Tuesday, Christmas Day – 8:00 AM
Melissa Moffett eased herself back into the truck stop booth, sliding her tray, containing a breakfast sandwich wrapped in paper and a coffee in a to-go cup, across the table behind her. Creamers rested in a small bowl on the table, and she reached for one, tore the seal off, hands shaking. So clumsy was she that the creamer spilled onto the tray in a small white froth; she reached for another.
Try as she might, she couldn’t stop herself from glancing nervously around the diner. In spite of her conviction that every eye in the place was focusing on her – and only her – as she looked around, she saw the truth. Absolutely no one, from the bleary-eyed travelers to the equally harried employees, had given her so much as a second glance. And why would they? Tucked towards the back of the coffee shop into a corner booth with her hair concealed under the hood of the borrowed sweatshirt, she knew her appearance was unremarkable.
Still, she could not relax for even a moment. A federally protected witness in the WITSEC program, Melissa was on the run. Approximately six hours ago, her life had gone from wonderful to terrible in a blink of an eye. One moment she had been dead asleep, the next moment Joe Coleman, a man she thought she could trust, a man who had been her lover, was dragging her out of a comfortable warm cocoon and accusing her of being a drug dealer. Since then, one way or another, she’d literally been running in fear for her life every second.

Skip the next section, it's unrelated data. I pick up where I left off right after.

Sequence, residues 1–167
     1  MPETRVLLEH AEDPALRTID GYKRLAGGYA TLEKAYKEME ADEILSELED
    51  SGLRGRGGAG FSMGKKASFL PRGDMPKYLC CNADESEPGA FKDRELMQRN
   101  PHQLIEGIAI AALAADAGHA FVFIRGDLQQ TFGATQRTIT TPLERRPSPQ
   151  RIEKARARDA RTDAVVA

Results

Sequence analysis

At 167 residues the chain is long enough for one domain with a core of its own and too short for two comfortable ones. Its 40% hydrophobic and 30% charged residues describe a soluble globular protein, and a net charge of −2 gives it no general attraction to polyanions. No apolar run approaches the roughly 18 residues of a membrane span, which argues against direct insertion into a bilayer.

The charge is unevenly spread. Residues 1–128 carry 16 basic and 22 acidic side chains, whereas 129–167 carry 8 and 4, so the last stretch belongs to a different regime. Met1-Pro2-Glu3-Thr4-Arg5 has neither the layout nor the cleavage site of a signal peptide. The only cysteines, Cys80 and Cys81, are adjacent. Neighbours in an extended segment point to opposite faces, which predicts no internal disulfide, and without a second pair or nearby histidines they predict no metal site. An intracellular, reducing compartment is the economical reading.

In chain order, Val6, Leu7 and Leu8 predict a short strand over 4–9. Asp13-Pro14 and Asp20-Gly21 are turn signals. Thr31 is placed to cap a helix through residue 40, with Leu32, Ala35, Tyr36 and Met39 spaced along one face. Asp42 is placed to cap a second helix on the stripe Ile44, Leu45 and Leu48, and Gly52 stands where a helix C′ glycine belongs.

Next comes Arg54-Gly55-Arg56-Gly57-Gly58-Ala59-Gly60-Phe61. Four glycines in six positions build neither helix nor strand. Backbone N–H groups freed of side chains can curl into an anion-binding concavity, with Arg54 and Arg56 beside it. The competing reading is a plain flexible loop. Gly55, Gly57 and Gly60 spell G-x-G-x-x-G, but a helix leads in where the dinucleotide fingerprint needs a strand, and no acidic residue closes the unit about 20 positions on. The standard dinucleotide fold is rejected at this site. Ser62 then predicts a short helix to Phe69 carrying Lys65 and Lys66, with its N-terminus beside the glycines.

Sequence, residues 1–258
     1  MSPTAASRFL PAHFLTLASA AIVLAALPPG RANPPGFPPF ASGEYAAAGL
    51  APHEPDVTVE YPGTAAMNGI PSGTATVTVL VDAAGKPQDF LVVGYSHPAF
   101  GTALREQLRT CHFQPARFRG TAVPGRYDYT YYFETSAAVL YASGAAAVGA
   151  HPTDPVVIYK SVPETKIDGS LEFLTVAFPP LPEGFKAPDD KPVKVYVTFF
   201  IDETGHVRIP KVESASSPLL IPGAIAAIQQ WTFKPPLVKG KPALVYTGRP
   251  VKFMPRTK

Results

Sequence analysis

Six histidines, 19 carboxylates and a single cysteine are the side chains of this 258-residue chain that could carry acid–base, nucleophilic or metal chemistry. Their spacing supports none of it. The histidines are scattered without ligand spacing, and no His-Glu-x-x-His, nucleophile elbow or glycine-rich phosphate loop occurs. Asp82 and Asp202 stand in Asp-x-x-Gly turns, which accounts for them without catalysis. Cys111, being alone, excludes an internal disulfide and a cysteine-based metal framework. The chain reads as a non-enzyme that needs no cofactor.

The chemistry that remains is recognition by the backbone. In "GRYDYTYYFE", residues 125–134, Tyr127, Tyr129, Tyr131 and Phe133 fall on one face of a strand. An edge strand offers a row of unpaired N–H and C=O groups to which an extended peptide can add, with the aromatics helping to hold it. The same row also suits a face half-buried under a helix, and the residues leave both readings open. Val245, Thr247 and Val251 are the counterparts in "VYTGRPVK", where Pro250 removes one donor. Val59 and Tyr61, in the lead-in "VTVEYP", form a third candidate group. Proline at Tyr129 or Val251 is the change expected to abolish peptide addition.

She’d been shot at, hidden in a mountain cabin, driven down that same mountain on a wild, freezing four-wheeler ride, and now, she was sitting in a truck stop along the interstate in a tiny North Carolina town, wondering if she was going to die today. In the parking lot outside the truck stop was a car that – technically – could be considered stolen, and to top it all off, in her pocket was a wallet that was stolen. No wonder her hands were shaking.
All in all, so far, her “escape,” if it could be called that, was not going well. In the end, Joseph Coleman, the man she’d met only three days earlier, the man who had set this entire debacle in motion, had come to understand his horrific mistake. He had rescued her from the shootout and then had devised the plan to get her away. He had given her the car and the (stolen) wallet. On the other hand, if it had not been for his meddling in the first place, she wouldn’t be here at all. And the more she thought about that, the more upsetting it became.